“I love it,” Allyson said of her intimate, 13-member chapter. “We’re a great group. We’re very close; four of us went up to New Jersey in April just to visit another sister who had moved away.”
The PAX chapter meets twice a month at members’ homes and is always planning a service or social event. In past years, the women have adopted a family that they help throughout the year, with a Thanksgiving feast, Christmas gifts, or a visit from Santa (with a member’s husband in costume). They have volunteered time at the Houston Food Bank and West Houston Assistance Ministries, and they have prepared packages for the Houston Area Women’s Center.
Allyson, a retired accountant, was born in Illinois but has lived in Texas since she was 10. As an only child, Allyson’s friends have always been like her family – her sisters and brothers. Now they’re even nearer and dearer as they keep her company (in enchanted, witch-decorations form) throughout the month of October. There’s Miriam, Sharon, Carolyn, Jane, Barbara, Debbie, Olivia, and Sue in residence, just to name a few.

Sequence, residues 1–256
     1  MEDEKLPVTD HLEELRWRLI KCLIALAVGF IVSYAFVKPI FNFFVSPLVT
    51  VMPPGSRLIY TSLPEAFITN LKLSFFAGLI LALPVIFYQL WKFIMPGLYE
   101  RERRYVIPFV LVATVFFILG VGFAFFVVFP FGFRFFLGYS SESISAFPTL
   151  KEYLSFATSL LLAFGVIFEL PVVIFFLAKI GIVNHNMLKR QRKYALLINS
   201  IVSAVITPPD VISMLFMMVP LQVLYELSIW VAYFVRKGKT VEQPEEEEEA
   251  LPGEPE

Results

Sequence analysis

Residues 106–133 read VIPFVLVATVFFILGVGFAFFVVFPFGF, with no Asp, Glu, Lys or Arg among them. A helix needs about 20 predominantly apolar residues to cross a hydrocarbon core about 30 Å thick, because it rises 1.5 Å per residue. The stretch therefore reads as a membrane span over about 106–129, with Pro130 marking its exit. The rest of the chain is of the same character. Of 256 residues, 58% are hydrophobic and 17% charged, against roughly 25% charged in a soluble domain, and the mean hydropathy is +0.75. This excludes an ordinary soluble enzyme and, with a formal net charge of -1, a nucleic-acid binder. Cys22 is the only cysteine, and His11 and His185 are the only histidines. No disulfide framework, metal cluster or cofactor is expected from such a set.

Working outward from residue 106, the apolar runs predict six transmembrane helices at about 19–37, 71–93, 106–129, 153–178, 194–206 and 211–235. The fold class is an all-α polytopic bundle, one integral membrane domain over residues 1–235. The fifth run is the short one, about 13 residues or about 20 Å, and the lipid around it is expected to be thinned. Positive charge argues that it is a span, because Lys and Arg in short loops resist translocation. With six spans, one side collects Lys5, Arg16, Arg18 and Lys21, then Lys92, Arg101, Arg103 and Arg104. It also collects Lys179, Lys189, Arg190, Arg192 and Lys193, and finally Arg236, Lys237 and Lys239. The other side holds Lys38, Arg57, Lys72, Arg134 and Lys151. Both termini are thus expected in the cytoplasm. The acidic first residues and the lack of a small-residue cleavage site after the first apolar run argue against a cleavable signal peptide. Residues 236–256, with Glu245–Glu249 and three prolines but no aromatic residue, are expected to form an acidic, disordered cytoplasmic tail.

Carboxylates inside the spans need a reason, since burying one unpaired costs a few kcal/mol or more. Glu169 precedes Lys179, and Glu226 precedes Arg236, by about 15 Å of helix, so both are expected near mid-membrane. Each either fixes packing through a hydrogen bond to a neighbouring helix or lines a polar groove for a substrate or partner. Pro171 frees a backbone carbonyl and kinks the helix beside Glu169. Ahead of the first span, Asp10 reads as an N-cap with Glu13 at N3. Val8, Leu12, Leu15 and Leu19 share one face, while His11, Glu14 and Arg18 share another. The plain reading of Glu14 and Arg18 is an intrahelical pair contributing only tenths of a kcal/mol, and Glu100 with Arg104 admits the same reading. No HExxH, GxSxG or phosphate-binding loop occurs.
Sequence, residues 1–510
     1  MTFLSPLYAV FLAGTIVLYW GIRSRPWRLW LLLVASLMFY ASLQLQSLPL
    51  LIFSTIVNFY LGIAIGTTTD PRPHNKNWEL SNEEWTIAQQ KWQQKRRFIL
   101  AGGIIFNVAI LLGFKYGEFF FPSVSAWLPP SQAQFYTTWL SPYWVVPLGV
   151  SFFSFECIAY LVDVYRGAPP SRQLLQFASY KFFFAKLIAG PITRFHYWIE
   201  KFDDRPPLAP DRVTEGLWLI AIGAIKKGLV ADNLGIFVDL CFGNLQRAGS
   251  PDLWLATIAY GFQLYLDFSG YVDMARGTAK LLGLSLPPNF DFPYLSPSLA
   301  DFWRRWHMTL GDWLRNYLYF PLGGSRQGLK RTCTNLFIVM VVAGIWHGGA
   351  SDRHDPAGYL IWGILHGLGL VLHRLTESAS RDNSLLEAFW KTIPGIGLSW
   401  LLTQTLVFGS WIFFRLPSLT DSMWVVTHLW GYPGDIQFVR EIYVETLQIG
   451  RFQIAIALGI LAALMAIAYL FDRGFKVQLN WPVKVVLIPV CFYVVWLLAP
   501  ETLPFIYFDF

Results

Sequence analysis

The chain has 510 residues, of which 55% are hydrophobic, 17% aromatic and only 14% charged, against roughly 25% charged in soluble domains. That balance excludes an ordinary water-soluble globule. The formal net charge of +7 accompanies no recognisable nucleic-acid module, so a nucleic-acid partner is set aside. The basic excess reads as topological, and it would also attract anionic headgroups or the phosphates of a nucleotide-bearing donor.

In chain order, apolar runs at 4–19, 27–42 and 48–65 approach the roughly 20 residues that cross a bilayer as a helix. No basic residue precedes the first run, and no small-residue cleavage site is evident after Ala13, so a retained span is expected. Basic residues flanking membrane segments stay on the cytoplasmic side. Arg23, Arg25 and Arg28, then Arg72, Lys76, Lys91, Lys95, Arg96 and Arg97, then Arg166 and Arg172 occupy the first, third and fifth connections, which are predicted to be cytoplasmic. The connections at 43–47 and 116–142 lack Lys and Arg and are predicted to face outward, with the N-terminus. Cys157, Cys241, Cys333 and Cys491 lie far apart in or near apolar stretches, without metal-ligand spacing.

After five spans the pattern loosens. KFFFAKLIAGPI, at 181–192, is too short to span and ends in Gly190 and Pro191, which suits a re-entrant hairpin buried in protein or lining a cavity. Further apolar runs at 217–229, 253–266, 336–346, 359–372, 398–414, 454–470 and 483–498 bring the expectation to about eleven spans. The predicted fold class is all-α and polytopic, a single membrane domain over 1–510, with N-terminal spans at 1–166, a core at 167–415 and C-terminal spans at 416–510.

“Well, this witch kind of looks like a schoolteacher to me, so I named her after Carolyn,” said Allyson. “And this one’s eye makeup is the same color that Miriam wears, so I named her Miriam. She’s actually one of the first I named.”
From the original gaggle of witches, The Sisters, Allyson’s coven expanded when her husband, Allen, brought home several as gifts. One is named Tabitha (not after a friend) and is pure comedy. Her face is as long as the rest of her body, with a chin protruding out past her nose. Her hair is really just a few strings, and she has two black buck teeth. Allen brought home a decorative black cat to accompany the witches, and from there it took off.
They’ve been collected from a variety of stores like T.J. Maxx, HomeGoods, and Cornelius, and most sit or stand under 2 feet tall. Allyson’s favorites are collectibles by designer Mark Roberts, with their black bat-like wings and elaborately detailed costumes.